18 December 2016

The Incarnation matters

Today is (on the New Calendar) the Sunday of the Holy Forefathers of Christ, here represented on a Greek icon. It is a Sunday on which it is good to reflect on both the social and the subversive reality of the Incarnation – the reality in which the Word of God, God Himself, became a flesh-and-blood human being; interposed Himself within and interrupted history; and recapitulated within Himself all three of Old Israel, the Roman Empire and the philosophical truths of the Greeks.

The Incarnation matters, because in honouring the forefathers and righteous (and, indeed, often not-so-righteous) ancestors of Christ, we pay tribute to the fact that Our God is in every respect like us, and indeed in every respect like the least of us – with the exception that He does not sin. We in the Orthodox Church acknowledge that Jesus Christ had a name – Yehoshua, ‘God is salvation’. That He had a sex – He was a man. That He had a birthplace – Bethlehem – and a birthday, which we celebrate each year at this time. That He had a human mother – Our all-holy, immaculate, most-blessed and glorified Lady, the Mother of God and the Ever-Virgin Mary. We acknowledge that He had a tribe, the tribe of Judah. We acknowledge and celebrate the descent of Christ from Abraham and David the king. We acknowledge that He had a community – Nazareth; and we acknowledge that He was a political subject of the Roman Empire. We acknowledge that He had a trade – that of a carpenter. The Incarnation means that Christ was not only a man, not only a Jew, but a working man, a labourer, one of the common people – born not to wealth and luxury, but to the sweat of His brow and the fatigue of His back, the ache of His feet and the callus of His hands.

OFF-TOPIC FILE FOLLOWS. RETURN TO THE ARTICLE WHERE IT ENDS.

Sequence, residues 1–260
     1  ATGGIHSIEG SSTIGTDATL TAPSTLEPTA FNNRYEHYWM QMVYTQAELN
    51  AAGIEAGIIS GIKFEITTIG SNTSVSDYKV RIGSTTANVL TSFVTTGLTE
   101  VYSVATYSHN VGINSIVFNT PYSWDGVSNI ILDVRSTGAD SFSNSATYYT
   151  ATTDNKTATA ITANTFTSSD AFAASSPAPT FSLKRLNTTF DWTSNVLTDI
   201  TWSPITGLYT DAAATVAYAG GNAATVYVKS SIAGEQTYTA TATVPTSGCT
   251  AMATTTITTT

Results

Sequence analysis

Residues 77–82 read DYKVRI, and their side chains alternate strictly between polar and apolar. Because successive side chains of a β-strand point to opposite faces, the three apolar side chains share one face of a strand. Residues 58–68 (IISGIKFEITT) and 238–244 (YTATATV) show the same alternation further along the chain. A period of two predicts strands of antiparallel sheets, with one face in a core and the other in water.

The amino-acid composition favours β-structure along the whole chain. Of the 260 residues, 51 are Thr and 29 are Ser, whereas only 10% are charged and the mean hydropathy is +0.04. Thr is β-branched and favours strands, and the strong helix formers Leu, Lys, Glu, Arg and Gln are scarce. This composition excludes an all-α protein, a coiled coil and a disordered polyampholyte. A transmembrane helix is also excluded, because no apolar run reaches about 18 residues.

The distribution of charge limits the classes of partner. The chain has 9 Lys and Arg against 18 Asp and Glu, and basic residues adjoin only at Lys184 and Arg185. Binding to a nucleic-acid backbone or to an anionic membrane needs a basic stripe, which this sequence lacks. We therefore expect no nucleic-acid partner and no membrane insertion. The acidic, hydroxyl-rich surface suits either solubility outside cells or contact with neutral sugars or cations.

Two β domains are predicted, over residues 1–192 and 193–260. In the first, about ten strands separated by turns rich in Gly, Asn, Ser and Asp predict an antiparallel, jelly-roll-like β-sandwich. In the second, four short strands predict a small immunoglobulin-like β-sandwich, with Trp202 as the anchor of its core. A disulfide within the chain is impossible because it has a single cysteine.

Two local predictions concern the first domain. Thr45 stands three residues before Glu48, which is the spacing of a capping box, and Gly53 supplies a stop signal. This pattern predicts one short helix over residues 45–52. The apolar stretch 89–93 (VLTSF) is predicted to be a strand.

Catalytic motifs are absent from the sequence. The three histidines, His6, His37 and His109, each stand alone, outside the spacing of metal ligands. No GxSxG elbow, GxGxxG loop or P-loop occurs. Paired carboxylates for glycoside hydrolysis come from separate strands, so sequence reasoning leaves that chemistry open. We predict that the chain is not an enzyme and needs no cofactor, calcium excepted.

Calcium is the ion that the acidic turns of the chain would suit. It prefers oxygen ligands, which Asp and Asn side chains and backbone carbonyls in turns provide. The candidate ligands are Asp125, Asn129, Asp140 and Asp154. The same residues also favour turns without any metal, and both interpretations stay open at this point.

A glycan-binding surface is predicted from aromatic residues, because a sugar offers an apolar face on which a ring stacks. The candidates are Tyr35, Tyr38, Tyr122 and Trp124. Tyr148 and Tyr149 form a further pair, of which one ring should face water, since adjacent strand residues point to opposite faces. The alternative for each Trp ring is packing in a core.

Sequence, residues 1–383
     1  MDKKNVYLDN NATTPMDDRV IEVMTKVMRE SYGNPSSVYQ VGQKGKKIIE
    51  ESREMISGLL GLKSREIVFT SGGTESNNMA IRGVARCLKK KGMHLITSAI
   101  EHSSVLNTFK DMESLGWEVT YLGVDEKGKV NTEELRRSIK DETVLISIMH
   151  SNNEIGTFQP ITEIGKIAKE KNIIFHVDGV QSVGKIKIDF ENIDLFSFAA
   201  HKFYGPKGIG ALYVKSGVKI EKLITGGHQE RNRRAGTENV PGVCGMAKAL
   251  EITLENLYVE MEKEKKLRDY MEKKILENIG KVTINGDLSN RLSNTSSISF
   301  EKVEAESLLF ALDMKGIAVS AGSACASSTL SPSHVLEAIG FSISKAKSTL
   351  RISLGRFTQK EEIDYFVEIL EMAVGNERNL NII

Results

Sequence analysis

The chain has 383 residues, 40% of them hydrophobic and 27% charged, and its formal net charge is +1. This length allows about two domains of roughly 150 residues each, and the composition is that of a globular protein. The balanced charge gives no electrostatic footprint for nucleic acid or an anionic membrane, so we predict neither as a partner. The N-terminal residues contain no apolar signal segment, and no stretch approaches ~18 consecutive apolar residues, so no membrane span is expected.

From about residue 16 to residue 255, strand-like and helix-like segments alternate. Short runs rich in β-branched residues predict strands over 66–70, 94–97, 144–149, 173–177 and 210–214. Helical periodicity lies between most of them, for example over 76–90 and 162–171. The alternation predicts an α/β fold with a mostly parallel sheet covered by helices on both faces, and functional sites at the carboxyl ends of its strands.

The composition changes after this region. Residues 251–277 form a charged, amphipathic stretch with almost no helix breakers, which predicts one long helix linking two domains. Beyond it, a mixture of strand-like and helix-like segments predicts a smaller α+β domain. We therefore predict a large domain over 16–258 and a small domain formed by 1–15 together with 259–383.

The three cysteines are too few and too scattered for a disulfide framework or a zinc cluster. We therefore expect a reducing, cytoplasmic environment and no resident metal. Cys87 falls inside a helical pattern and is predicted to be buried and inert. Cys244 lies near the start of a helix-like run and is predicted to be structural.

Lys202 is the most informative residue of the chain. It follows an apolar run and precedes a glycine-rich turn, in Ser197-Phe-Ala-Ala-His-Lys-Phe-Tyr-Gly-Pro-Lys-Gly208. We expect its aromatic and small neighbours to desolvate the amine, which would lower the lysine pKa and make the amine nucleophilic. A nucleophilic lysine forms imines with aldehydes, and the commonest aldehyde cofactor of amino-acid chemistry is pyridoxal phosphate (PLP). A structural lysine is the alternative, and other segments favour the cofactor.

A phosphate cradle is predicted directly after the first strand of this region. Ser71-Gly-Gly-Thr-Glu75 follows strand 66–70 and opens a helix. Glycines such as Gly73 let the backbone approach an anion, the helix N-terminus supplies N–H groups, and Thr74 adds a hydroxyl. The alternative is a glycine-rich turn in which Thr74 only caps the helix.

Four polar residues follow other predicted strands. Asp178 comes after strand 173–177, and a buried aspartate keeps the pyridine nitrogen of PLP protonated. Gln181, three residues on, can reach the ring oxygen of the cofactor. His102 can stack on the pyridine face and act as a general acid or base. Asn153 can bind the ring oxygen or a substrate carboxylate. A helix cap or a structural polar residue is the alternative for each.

And, to be clear, we are talking about God. The Source of all Good. The uncreated, all-powerful and all-knowing. The Maker of all that is, seen and unseen, known and unknown. God made Himself humble and mortal and vulnerable, placed Himself squarely within every single one of the dependencies and limits human beings are subject to as contingent, created beings, subject to weakness, illness and death. In the words of the late, great Robin Williams: phenomenal cosmic powers – itty bitty living space. And we of the Orthodox faith in particular, believe that because God became this limited, dependent, mortal human being, named Jesus Christ – that we human beings, even in our limits, dependencies and mortality, are capable of becoming like God – if we take up our Cross and follow Him.

Being like God and taking up the Cross does not mean we must abandon completely our earthly homes for some kind of pie-in-the-sky Gnostic vision. Just as Christ laboured in His life in His native country and in his own village – among His people and also amongst the foreigners – so also must we labour where we are, and love the places where we live. Just as Jesus honoured His mother and loved her even until the end when He was nailed to the Cross, so also must we love our families. As the Apophthegmata have it, even cœnobites who forswear the world and all its goods, who leave their homes and birth-families for the cloister, must still be obedient to their brothers (or sisters) in that cloistered life. And even hesychasts who flee to the wilderness in emulation of Christ must still live lives of self-giving love for the strangers to whom they find themselves nearest, just as Saint Herman did.